I am forever curious about excavated textiles. The first thing I look for in a museum, any museum, is excavated garments and shoes. It fascinates me to no end.
In 2019, I finished my Golden Egg project in Drachenwald and it was so inspiring. For this reason, I have decided to embark on a new research & recreating adventure: the Skjoldehamn clothes.
I have been doing Viking re-enactment outside the SCA since 1994 and one popular item has always been the Skjoldehamn hood. Back then, I never really looked into it. I had enough handmade authentic looking garb already.
When I re-joined the SCA in 2011, I became more curious about the Skjoldehamn clothing because, to my surprise, a rumour had begun to spread that the garments COULD have belonged to a woman. Wait? REALLY?
The Skjoldehamn body was found in a bog near Andøya in Norway in 1936. The body was found wearing a hood (kaprun), outer shirt (kofte), under shirt (skjorte), trousers (bukser), a belt, ankle wrappings (ankelkluter) and ankle straps (ankelsurringer), socks (lester) and shoes (sko). The body was wrapped in a blanket (teppe). To this day, it remains a mystery whether the body died in a sacrifice or in a battle.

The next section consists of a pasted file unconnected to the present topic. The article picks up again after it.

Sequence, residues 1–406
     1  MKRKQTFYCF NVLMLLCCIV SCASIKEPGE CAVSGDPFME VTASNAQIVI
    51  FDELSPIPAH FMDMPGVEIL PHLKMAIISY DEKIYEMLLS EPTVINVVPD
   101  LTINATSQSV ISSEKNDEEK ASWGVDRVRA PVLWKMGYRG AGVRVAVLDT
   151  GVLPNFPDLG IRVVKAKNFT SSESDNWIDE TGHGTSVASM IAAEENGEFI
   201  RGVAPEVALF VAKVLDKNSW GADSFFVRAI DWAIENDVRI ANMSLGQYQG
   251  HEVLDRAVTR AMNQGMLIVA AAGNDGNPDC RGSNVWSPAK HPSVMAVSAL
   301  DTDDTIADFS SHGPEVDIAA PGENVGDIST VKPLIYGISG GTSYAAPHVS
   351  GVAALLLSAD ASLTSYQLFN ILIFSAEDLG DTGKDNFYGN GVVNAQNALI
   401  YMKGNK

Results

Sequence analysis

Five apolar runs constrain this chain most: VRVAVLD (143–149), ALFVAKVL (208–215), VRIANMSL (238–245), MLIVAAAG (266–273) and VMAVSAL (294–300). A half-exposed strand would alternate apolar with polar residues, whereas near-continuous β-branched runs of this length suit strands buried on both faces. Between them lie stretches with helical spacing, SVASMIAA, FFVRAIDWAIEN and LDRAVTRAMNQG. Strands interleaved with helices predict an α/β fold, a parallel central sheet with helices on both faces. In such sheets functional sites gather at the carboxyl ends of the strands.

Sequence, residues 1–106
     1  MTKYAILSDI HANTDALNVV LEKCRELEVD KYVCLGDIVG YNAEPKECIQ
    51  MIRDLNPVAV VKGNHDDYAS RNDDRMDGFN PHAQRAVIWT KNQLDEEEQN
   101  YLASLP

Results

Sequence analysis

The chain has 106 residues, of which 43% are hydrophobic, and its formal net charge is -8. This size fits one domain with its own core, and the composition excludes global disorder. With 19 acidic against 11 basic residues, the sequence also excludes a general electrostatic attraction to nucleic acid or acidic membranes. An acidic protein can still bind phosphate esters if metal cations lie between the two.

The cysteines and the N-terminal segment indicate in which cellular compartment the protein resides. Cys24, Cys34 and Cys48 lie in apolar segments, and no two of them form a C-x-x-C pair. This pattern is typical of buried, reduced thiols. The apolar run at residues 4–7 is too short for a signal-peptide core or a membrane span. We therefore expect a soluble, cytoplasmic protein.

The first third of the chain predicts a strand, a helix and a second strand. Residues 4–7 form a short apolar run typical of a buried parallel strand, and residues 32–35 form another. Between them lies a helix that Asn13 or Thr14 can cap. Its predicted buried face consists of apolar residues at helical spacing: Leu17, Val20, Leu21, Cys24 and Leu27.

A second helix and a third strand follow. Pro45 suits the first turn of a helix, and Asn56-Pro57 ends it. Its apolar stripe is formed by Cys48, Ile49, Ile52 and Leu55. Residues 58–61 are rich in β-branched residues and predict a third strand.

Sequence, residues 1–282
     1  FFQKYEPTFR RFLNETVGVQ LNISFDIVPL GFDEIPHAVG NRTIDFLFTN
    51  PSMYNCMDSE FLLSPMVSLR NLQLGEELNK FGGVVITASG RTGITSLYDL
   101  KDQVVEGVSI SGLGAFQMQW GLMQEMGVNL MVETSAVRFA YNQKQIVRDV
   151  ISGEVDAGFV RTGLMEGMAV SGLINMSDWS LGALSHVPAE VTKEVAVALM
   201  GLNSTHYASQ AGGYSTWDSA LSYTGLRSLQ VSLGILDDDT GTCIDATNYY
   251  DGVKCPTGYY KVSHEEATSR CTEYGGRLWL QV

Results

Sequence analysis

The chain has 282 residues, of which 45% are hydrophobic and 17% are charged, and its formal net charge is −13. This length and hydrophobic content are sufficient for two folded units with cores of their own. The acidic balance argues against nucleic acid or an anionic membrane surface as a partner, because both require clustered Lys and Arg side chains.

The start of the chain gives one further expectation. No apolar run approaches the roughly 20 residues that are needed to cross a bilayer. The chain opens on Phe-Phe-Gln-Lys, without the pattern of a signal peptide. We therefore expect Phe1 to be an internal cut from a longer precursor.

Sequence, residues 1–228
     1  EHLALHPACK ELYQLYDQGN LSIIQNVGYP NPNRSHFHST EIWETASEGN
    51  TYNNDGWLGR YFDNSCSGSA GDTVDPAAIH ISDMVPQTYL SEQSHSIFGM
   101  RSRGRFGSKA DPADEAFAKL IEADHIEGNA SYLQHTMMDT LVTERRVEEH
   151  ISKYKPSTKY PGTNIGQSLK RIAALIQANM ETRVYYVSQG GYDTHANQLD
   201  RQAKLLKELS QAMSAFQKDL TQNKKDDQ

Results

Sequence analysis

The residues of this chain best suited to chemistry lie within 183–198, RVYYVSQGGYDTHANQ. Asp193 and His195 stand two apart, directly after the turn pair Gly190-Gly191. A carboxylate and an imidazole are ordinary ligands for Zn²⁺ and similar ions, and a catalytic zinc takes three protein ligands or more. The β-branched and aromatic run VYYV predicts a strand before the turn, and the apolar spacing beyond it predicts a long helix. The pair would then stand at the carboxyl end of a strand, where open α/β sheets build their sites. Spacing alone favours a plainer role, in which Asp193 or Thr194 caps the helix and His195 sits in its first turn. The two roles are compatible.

Back in 2008, MA archaeology student Dan Halvard Løvlid, from the University of Bergen in Norway, got interested in writing a marvellous thesis, which formed the basis of a new complete empirical study of the Skjoldehamn costume.
I get help with the Norwegian translation from Lady Ekaterina Vasili (https://www.arnfriduri.xyz/) and Lady Emoni de la Fère.
I will recreate most of the garb set: hood, outer shirt, under shirt, trousers, belt and socks.
I will not recreate the burial blanket; I am still alive after all…. Joking aside, I have a warm enough cloak already that fits with the style and era. The perks of doing re-enactment for a very long time!
The second challenge that goes with this project is to make something out of thrifted fabric. I want to spend no more than €40 (roughly 46 dollars). Not only will this hopefully help a newcomer who wants to test the waters before investing, it might also help a longterm member without breaking the bank. Let’s not forget the environmental & sustainability perspective! Recycle! RECYCLE! Help Mother Earth a bit.
And now? I am off to the thrift shop!